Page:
Some senior Afghan military commanders aren’t convinced. They said they have deep concerns about the implications of not being ready to take care of their own troops.
Brig. Gen. Dr. Mohammad Asif Bromand sits behind a large desk in a hospital at Camp Thunder, an Afghan base in the eastern province of Paktia, listening on a speakerphone to a call for staff from military hospitals across the country. The air is heavy with the tang of cigarette smoke.
In the hospital wards - there are seven army hospitals across the country - injured soldiers and police lie staring at the ceiling. A soldier in one room has been shot in the throat. Another has had a leg amputated after he was hit by an improvised explosive device (IED).
“I don’t know what the politicians think, but as an Afghan general, I think it’s too early to transfer the security responsibility from the U.S. to Afghanistan,” he said. “From each and every aspect, the Afghan army isn’t ready.”
ISAF says coalition troops will continue to assist with air evacuation even after it ends its combat mission, but there will be fewer areas where they can help, leaving the task to the fledgling Afghan Air Force. Ground evacuation is more readily available but also more dangerous, with the wounded having to be transported along often unsafe roads.
“Five, six, seven years ago, the whole of Afghanistan was covered by coalition force MEDEVAC rings,” Captain Julie Thain-Smith, ISAF’s chief medical advisor, told Reuters in late October, referring to the areas where coalition forces could reach the wounded by air within an hour. Today there are only five major coalition bases left – in Kabul, Kandahar, Mazar-e-Sharif, Herat and Jalalabad – from which security forces can be reached in that timeframe, said Thain-Smith, a member of the Royal Navy who recently completed her assignment in Afghanistan.
On a morning in August, a convoy pulled out of the ISAF Joint Command base attached to Kabul airport and headed to the Afghan army’s central supply depot. In one car, two soldiers scanned the streets as the convoy passed the concrete skeleton of a half-built apartment building pocked with bullet holes. A few weeks earlier, insurgents had used it to launch an attack on the airport.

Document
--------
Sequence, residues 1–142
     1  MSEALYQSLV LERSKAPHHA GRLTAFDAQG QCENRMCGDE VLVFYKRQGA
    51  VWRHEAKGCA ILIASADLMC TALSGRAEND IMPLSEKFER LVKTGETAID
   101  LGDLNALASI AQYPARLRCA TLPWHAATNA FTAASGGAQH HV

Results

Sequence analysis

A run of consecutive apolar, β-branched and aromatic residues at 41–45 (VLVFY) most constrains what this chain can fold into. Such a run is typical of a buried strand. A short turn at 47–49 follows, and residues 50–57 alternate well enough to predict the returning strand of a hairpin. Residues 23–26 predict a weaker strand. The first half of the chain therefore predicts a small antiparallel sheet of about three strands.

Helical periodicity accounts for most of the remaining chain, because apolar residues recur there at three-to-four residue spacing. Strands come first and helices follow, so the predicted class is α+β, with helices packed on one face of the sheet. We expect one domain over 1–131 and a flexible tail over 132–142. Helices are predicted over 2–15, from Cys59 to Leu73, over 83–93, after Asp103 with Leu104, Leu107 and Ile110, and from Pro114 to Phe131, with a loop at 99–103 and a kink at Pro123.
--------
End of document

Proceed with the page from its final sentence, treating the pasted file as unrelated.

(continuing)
Inside the supply depot’s barbed-wire perimeter fence, the convoy slowed to a halt. Lt. General Joseph Anderson, the American who heads ISAF Joint Command, hopped out and strode toward Maj. Gen. Abdul Basir, the Afghan army’s logistics commander.
With ISAF’s mission winding down, Anderson said a sense of urgency was building in the coalition to help the Afghan military get its supply chains running more smoothly. His inspection of the depot didn’t inspire confidence.
The generals walked side by side, peering into rows of shipping containers stacked with military supplies. Basir explained why the movement of goods from Kabul to troops in the field was slow, blaming his colleagues around the country for not placing their orders correctly.
“Your system sucks,” Anderson said, affably resting a hand on Basir’s shoulder.
Later, looking at neatly stacked boxes of counter-IED robots, Anderson was less amicable. “What good is this shit doing in a container?” he asked. “Absolutely nothing. Guys are dying out there.”
Maj. Gen. Mohammad Mussa Wardak, the medical commander of the Afghan army, told Reuters in August that procurement and distribution of medical supplies remained a weakness. He pointed to delays in supplies reaching hospitals and bureaucratic obstacles when importing morphine, an essential narcotic. “It’s not a good system,” he said.
As a backup, regional military hospitals can buy medicines on the local market. But that fix exposes soldiers to often poor quality medicines that flood much of the Afghan market, said Wardak, who was recently removed from his post.
More broadly, there are concerns over how international aid money to the military is being spent. An August 29 report by the U.S. Department of Defense Inspector General found that Afghanistan’s previous government under President Hamid Karzai had failed to effectively track billions of dollars in direct contributions to the Afghan defense forces.